Former Butler County Regional Airport manager Ron Davis claims he was fired because he was a whistle blower about potential FAA rule violations so his lawsuit should not be tossed.
Davis sued the county in April, saying he was terminated from his $93,710 job because he complained about alleged rule violations regarding the airport’s debt and finances and a free storage ride for the sheriff in an airport building.
Davis, who was airport administrator for 18 years, wants his job back and damages, including emotional distress, punitive and more, according to the lawsuit.
The county’s attorney, Linda Woeber, filed a motion last month to dismiss all claims.
She said Davis never documented his claims, according to the motion, and his assertion that he was retaliated against doesn’t have support.
“A statute governing acceptable uses of airport revenues, when the airport has been supported by an FAA grant, does not reflect a safety concern or any other Ohio public policy…” Woeber wrote. “… Davis cannot meet the jeopardy element of his burden because he does not assert any facts showing that he put the commissioners on notice that he was vindicating a government policy, rather than his own self-interest.”
Woeber noted all of Davis’ complaints about the possible FAA violations were verbal and thus unsubstantiated. The only documented communication between Davis and the county regarding his concerns was in the form of an email his boss Development Director David Fehr received shortly before they fired the manager. Davis was responding to a suggestion that his hours and pay be reduced, which he claimed was “retaliatory.”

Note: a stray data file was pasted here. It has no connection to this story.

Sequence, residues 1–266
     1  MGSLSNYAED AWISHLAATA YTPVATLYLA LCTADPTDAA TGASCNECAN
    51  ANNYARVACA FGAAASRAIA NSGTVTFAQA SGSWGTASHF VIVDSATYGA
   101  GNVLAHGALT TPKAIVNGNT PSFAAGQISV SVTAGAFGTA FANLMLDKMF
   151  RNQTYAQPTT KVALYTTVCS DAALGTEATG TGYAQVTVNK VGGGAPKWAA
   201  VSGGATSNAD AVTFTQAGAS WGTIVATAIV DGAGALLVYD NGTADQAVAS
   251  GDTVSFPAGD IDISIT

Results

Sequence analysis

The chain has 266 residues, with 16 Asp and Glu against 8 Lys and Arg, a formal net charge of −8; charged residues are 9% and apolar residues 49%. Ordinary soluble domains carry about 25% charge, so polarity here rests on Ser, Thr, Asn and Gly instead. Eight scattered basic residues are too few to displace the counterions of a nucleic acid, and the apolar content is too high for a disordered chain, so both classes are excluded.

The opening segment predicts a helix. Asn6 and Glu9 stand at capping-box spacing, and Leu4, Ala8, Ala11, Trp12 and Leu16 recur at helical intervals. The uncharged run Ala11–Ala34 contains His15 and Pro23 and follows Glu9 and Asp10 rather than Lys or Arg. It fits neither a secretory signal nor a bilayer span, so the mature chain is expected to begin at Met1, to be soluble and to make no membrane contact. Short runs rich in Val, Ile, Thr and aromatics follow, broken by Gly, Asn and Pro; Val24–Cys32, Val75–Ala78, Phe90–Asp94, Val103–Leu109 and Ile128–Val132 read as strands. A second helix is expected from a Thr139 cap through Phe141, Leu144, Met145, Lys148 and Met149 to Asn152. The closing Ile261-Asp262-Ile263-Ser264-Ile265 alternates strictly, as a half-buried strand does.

Davis’ attorneys say he didn’t need to have concrete proof the county acted improperly.
“Davis need not have been correct in his belief that defendant was violating the law,” the response motion reads. “He is only required to have a good faith belief that his complaint was valid.”
One of his gripes involved Butler County Sheriff Richard Jones using a warehouse at the airport rent-free for storage. He says non-aeronautical users must pay fair market value.
There have been complaints about the airport to the federal agency but not by Davis — his attorneys won’t confirm if he has filed anything since his firing. A recent complaint largely deals with the lack of communication between airport owners and the people who use the facility. Maintenance deficiencies was also an itemized issue.
A complaint review letter from the FAA dated Aug. 17, 2017 recommended the county address some minor issues but dismissed most of the claims. While not one of the complaints the agency was reviewing, the report notes the sheriff’s situation came to their attention and they have launched a separate investigation. However, it acknowledges the county has said the sheriff doesn’t need to pay rent because it is a county office.
Elizabeth Isham Cory with FAA confirmed there is an ongoing investigation regarding the sheriff’s issue and some financial dealings and said it will take awhile to complete. The FAA has not yet responded to a Freedom of Information Act request for document on this complaint.
Woeber said she cannot comment on the lawsuit.
Davis’ attorneys reiterated he has stated valid claims and therefore the lawsuit should continue.
“Davis has alleged that me made numerous specific complaints that defendants violated FAA statutes and regulations and he was subsequently terminated because of those complaints,” his attorneys wrote. “These allegations are sufficient to satisfy the clarity and jeopardy elements and support a claim for termination in violation of public policy.”
The county has maintained there are no financial irregularies with the airport.